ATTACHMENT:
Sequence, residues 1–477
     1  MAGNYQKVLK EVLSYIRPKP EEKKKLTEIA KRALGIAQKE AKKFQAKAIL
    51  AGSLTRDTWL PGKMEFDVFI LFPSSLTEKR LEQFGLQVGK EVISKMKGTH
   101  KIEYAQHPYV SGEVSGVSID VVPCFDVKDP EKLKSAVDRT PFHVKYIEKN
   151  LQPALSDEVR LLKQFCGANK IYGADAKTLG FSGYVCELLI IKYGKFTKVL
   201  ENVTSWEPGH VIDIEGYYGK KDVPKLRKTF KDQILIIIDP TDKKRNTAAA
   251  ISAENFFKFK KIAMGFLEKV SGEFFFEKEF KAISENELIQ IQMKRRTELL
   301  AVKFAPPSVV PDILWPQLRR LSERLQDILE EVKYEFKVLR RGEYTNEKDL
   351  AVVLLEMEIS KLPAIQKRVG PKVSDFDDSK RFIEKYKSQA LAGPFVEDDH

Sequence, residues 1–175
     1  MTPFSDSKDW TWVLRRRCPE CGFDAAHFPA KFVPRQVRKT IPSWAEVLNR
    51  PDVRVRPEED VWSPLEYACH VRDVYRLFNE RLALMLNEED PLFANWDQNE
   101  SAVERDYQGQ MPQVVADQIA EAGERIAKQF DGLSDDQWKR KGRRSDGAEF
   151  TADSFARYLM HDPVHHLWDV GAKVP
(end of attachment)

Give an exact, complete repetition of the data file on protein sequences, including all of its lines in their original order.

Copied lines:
Sequence, residues 1–477
     1  MAGNYQKVLK EVLSYIRPKP EEKKKLTEIA KRALGIAQKE AKKFQAKAIL
    51  AGSLTRDTWL PGKMEFDVFI LFPSSLTEKR LEQFGLQVGK EVISKMKGTH
   101  KIEYAQHPYV SGEVSGVSID VVPCFDVKDP EKLKSAVDRT PFHVKYIEKN
   151  LQPALSDEVR LLKQFCGANK IYGADAKTLG FSGYVCELLI IKYGKFTKVL
   201  ENVTSWEPGH VIDIEGYYGK KDVPKLRKTF KDQILIIIDP TDKKRNTAAA
   251  ISAENFFKFK KIAMGFLEKV SGEFFFEKEF KAISENELIQ IQMKRRTELL
   301  AVKFAPPSVV PDILWPQLRR LSERLQDILE EVKYEFKVLR RGEYTNEKDL
   351  AVVLLEMEIS KLPAIQKRVG PKVSDFDDSK RFIEKYKSQA LAGPFVEDDH

Sequence, residues 1–175
     1  MTPFSDSKDW TWVLRRRCPE CGFDAAHFPA KFVPRQVRKT IPSWAEVLNR
    51  PDVRVRPEED VWSPLEYACH VRDVYRLFNE RLALMLNEED PLFANWDQNE
   101  SAVERDYQGQ MPQVVADQIA EAGERIAKQF DGLSDDQWKR KGRRSDGAEF
   151  TADSFARYLM HDPVHHLWDV GAKVP